Yes, Chicago dropped two games at home, and now has to go on the road, sweep two from a hot Dodgers team at Dodger Stadium, then come back and finish things off at Wrigley Field. Milwaukee at least gets to come home on Saturday, playing in front of what will surely be a frenzied crowd -- a stadium full of fans who haven't seen playoff baseball in 26 years.
But more important is the fact that the Cubs send two excellent starting pitchers to the mound in the next two days, including arguably their best hurler in Rich Harden. The Brewers, meanwhile, already used one of their aces, CC Sabathia, and they're without Ben Sheets for the rest of the year. If momentum is tomorrow's starting pitcher, the Small Bears surely have more of it than the Brew Crew.
"We set up our rotation this way," Cubs manager Lou Piniella said. "Harden is a really, really good pitcher. [Ted] Lilly has been throwing the ball for us as well as anybody lately. We have him set up for Game 4. And then in Game 5 we've got [Ryan] Dempster. We've got [Carlos] Zambrano. They can both pitch in that particular ballgame if necessary."
Prior to the Cubs and Brewers, 54 teams have lost the first two games of a best-of-five series. Seven of those have come back to win the series. Those aren't good odds -- but they're better than the one-for-all-time for a team that loses the first three of a best-of-seven.
To win the series, each team will first have to win Game 3. By that score, at least, the Cubs are in better shape. It's true that Milwaukee is coming home, and it's true that the Brewers punished left-handed pitching this year. But Jamie Moyer isn't your typical lefty, and he's shown virtually no platoon split this year.
Meanwhile, Game 3 starter Dave Bush matches up poorly with the Phillies. Jimmy Rollins, Ryan Howard, Pat Burrell, Greg Dobbs, Matt Stairs, Chase Utley and Carlos Ruiz all have histories of success against the Milwaukee right-hander. It's hard to say the Brewers are favored to win on Saturday, which means it's very hard to give them much more than a puncher's chance at winning three straight.
"You can't think about Game 5," acting Milwaukee manager Dale Sveum said. "You can't think about Game 4. You've got to win Game 3 any way you can."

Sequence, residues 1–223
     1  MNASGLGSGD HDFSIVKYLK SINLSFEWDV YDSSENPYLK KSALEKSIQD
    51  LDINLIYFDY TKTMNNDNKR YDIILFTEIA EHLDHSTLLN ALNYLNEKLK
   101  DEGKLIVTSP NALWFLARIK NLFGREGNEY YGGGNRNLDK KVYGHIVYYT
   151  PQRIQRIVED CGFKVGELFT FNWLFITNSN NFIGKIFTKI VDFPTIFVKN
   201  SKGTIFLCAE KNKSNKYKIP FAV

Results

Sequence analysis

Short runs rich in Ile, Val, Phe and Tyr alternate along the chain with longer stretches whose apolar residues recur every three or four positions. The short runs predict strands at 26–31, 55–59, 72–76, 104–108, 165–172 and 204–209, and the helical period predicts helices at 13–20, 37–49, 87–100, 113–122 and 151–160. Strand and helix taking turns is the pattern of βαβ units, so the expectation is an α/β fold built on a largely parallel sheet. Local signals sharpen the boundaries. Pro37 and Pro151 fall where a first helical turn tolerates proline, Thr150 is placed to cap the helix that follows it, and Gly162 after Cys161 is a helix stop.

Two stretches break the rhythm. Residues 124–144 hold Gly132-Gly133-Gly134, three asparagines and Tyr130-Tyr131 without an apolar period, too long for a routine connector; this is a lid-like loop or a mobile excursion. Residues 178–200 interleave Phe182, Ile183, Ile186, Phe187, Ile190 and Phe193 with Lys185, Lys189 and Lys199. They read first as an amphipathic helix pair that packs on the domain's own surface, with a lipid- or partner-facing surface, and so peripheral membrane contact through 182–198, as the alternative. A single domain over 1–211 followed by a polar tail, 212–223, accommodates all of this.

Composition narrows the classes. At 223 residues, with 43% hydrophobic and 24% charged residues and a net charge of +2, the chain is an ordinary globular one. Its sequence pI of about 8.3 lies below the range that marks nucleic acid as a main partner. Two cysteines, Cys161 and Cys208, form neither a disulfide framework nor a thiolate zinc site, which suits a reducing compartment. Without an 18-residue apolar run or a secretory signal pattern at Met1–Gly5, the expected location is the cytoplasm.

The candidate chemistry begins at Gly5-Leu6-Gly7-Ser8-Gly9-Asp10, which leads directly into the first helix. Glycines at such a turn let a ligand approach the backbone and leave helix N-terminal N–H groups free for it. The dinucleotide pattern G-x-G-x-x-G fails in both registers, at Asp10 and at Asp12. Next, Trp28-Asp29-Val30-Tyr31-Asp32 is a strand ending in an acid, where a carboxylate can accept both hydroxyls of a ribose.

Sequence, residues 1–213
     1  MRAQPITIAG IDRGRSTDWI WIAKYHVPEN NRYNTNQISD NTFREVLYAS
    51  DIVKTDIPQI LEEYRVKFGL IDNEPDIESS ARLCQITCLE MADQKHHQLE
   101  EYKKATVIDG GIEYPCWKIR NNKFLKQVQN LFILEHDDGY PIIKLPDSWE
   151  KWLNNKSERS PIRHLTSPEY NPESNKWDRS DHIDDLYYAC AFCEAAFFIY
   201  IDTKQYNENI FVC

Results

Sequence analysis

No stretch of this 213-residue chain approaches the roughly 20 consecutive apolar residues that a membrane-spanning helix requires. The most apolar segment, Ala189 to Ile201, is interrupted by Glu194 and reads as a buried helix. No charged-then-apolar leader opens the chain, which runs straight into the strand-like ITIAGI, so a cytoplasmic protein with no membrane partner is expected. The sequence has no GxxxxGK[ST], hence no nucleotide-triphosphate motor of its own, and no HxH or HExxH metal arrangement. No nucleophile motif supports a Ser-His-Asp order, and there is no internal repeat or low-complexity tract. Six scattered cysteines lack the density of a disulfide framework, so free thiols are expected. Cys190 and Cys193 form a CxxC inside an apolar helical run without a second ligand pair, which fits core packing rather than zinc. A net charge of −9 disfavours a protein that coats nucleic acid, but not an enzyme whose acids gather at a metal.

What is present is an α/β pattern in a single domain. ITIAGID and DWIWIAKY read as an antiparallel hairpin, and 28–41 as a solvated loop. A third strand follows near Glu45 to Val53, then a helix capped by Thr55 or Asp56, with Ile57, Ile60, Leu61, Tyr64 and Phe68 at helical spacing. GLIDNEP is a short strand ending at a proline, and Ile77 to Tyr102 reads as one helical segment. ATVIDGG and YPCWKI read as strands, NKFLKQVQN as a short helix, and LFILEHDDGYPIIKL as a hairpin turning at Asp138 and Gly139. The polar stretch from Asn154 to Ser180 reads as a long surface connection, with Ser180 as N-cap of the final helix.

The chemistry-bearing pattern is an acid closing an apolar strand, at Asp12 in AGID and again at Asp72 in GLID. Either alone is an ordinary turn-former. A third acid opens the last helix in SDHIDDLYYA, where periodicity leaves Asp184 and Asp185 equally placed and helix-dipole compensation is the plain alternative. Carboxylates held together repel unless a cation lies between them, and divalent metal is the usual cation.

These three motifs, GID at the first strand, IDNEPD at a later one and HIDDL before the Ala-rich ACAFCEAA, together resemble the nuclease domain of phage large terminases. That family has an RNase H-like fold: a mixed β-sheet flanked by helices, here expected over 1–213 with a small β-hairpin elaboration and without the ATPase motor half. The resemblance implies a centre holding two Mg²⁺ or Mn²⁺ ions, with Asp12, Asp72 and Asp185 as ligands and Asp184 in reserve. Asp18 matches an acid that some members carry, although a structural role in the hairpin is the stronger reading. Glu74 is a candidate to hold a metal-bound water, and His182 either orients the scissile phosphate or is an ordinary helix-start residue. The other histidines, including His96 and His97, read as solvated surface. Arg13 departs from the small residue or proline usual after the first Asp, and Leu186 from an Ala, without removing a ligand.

Home field is surely an advantage for the Brewers, though less so than for many other teams. Milwaukee's 49-32 record at home is sixth best of the eight playoff teams. And on the other side, there's some notion that perhaps getting away from Chicago will do the Cubs good. That's hard to envision for a team that went 55-26 on its own turf this year, but it's at least become a talking point on sports radio in Chicago.
"I'm a believer that in postseason, when you play at home, there's a lot of pressure on you to play well and win," Dodgers manager Joe Torre said. "You're supposed to win. ... Probably these guys had to deal with a lot of pressure. I mean, pressure aside from the game pressure. That's the whole trick.
"But I think getting away certainly, certainly can't hurt them. I think the biggest problem for them right now is they're down two games to none. But I don't think it's necessarily a negative going on the road for them."
Neither club has played well thus far, not only losing but shooting themselves in the foot with shoddy defense and poor offensive execution. Both will need to turn it around, and there's reason to think the Cubs have a better chance than the Brewers. Simply put, Chicago did those things better in the regular season than Milwaukee. The Cubs are a good defensive team that had a bad defensive game. The Brewers aren't a good defensive team.
And in the end, that's the key here. In nearly every facet of the game, the Cubs are a better team than the Brewers. Their starting pitching is better, and it's better aligned. Their offense is better, and their offensive balance is surely better. Their bullpen is better.
When in doubt, take the better team.